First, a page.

**3. Powers of Addition**

Define a

^{n}\/+ b =^{n}\/( a^{n}+ b^{n}) ; "Fermat addition"
a +

^{n}b = (^{n}\/(a) +^{n}\/(b) )^{n}; "Power addition"
a

^{n}\/* b =^{n}\/( a^{n}* b^{n}) = a * b
a *

^{n}b = (^{n}\/(a) *^{n}\/(b) )^{n }= a * b
Thus

^{n}\/+ and +^{n}are fields under * with identities 0 and 1.
a +

^{n}b = c if and only if^{n}\/a +^{n}\/b =^{n}\/c.
According to the Binomial
Theorem:

a +

^{2}b = a + 2 \/(ab) + b
a +

^{3}b = a + 3^{3}\/(a^{2}b) + 3^{3}\/(ab^{2}) + b
a +

^{4}b = a + 4^{4}\/(a^{3}b) + 6^{4}\/(a^{2}b^{2}) + 4^{4}\/(ab^{3}) + b
...

a +

^{N}b = S [ (_{N}C_{I})^{N}\/(a^{I}b^{N-I}) ]
Note: a

^{n}\/+ b = c if and only if a^{n}+ b^{n}= c^{n}.
Therefore we can state Fermat's
theorem in terms of

^{n}\/+ , Fermat addition.
Here are some "Fermat
near-misses":

95800

^{4}\/+ 217519^{4}\/+ 414560 = 422481
27

^{5}\/+ 84^{5}\/+ 110^{5}\/+ 133 = 144
In the third power we have the
identity:

(6b - 144 b

^{4})^{3}\/+ (144b^{4}) = ( 72b^{3}- 1 )^{3}\/+ 1
and these near-misses:

9

^{3}\/+ 10 = 12.002314...
720

^{3}\/+ 242 = 728.999999373...
729

^{3}\/+ 244 = 738.000000612...
The Fermat sum a

^{N}\/+ b = c is possible only if c is either less than both a and b, or more than both; for if N approaches positive infinity, then (a^{N}\/+ b) approaches their maximum from above; and if N approaches negative infinity, then (a^{N}\/+ b) approaches their minimum from below. If c>(a max b) or c<(a min b), then you can find a suitable n. (It will probably be transcendental.)
For instance:

a=1, b=2, c=5 ‑‑‑‑>
N=0.5638955243...

a=2, b=3, c=4 ‑‑‑‑>
N=1.507126592...

These N solve the equations:

1

^{N}+ 2^{N}- 5^{N}= 0
2

^{N}+ 3^{N}- 4^{N }= 0
The "Fermat
near-misses" cited above imply these near-integer powers:

a=9, b=10,
c=12 ‑‑‑‑> N = 3.0025515252785...

a=720, b=242, c=729 ‑‑‑‑> N = 2.999999373...

a=729, b=244, c=738 ‑‑‑‑> N = 3.000000048...

Exact Fermat sums are confined to
these Diophantine equations:

a

^{1}\/+ b = [a+b]
[m

^{2}‑ n^{2}]^{2}\/+ [2mn] = [m^{2}+ n^{2}]
[a(a+b)]

^{-1}\/+ [b(a+b)] = [ab]
[m

^{4}‑ n^{4}]^{-2}\/+ [2mn(m^{2}+ n^{2})] = [2mn(m^{2}‑ n^{2})]
For instance:

3

^{2}\/+ 4 = 5 ; 5^{2}\/+ 12 = 13 ; 15^{2}\/+ 8 = 17 ; 21^{2}\/+ 20 = 29 ; ...
3

^{-1}\/+ 6 = 2 ; 10^{-1}\/+ 15 = 6 ; 30^{-1}\/+ 70 = 10 ; 35^{-1}\/+ 14 = 10 ; ...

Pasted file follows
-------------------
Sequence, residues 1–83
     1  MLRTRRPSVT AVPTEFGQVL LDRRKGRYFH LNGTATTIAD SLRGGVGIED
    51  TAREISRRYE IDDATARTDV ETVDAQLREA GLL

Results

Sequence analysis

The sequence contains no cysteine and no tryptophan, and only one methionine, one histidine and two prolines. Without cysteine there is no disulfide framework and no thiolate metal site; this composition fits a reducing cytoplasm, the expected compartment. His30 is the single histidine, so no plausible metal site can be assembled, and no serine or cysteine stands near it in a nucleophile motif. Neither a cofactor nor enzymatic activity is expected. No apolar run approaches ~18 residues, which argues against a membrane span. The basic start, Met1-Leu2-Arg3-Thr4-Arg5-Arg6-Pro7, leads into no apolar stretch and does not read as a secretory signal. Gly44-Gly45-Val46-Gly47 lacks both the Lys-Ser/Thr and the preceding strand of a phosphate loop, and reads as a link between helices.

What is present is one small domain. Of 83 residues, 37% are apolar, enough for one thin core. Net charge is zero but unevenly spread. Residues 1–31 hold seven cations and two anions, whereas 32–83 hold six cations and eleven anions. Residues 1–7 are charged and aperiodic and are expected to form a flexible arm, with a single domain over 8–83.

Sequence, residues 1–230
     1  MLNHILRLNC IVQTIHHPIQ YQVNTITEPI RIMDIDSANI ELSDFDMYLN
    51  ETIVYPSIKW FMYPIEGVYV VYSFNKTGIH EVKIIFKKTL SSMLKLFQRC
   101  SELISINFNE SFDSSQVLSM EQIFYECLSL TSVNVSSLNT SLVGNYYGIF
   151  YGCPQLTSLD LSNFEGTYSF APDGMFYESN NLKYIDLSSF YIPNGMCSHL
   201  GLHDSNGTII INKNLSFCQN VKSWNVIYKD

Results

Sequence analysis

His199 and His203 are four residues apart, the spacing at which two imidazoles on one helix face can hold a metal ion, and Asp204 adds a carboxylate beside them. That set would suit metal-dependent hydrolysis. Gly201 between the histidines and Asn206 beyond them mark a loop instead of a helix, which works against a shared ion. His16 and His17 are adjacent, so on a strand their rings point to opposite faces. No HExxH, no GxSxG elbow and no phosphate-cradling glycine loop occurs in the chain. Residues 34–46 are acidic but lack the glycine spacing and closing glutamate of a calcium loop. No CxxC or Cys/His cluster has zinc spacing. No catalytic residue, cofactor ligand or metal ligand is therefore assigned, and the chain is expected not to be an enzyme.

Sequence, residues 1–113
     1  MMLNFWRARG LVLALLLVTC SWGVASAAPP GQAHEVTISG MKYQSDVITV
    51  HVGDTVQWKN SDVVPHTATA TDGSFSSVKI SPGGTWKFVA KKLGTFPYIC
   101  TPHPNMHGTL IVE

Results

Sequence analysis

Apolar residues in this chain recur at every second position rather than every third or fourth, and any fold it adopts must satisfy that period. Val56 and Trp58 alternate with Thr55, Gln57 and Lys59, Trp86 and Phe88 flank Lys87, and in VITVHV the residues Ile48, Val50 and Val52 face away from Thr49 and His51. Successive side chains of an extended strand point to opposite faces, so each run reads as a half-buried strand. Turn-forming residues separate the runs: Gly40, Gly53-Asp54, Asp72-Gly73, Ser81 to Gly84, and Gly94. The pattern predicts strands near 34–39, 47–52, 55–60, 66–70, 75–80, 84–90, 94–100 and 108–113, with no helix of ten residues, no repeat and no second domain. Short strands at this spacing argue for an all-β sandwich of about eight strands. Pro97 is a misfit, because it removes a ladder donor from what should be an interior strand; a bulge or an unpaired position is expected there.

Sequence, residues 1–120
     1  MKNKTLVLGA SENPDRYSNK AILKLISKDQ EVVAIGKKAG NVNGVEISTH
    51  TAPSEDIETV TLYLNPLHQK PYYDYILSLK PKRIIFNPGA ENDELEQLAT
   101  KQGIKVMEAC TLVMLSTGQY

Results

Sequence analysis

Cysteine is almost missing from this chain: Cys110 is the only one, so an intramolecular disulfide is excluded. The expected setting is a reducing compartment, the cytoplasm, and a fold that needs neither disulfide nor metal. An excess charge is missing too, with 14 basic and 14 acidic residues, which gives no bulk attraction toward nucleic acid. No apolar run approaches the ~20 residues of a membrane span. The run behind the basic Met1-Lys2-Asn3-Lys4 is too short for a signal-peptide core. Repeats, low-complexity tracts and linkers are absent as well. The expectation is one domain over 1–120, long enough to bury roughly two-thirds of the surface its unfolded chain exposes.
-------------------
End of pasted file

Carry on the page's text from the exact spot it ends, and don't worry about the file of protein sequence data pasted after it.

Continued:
15

^{-2}\/+ 20 = 12 ; 65^{-2}\/+ 156 = 60 ; 255^{-2}\/+ 136 = 120 ; 609^{-2}\/+ 580 = 420 ; ...
Evidently the Fermat/Wiles
theorem should read "... for |n|>2..." Now the question is; what's
so special about ‑2, ‑1, 1, 2? Perhaps it is because we can give all four of
these roots of addition geometric interpretations.

The first root of addition is ordinary
linear addition; geometrically, this is adding lengths by joining parallel
lines. The second root of addition figures in the Pythagorean Theorem; for if
A, B, and C are the sides of a right-angle triangle, with C the hypotenuse,
then C
= A \/+ B . The negative root of addition is
reciprocal sum; geometrically constructible by the "Fence" figure of
the previous section. The negative-second root equals the reciprocal of
square-root of addition. Geometrically, this is "area over diagonal",
or "altitude to diagonal".

Fermat addition has applications
in dimensional analysis and fractal geometry.

Consider two circular oil slicks
that merge, combining areas. If we denote their radii by R

_{1}, R_{2}, and their surface areas by A_{1}, A_{2}, then:
radius of new slick = R

_{1}+^{1/2}R_{2}
Now consider two spherical water
droplets that merge, combining volumes. If we denote their radii by R

_{1}, R_{2}, their surface areas by A_{1}, A_{2}, and their volumes by V_{1}, V_{2}, then:
radius of new drop = R

_{1}+^{1/3}R_{2}
surface area of new drop =
A

_{1}+^{2/3}A_{2}
If a coastline has fractal
dimension d, then if a coast segment of length
L

_{1}(as the crow flies) joins to a segment of length L_{2}, then that forms a coast segment of length approximately L_{1}^{d}\/+ L_{2}.
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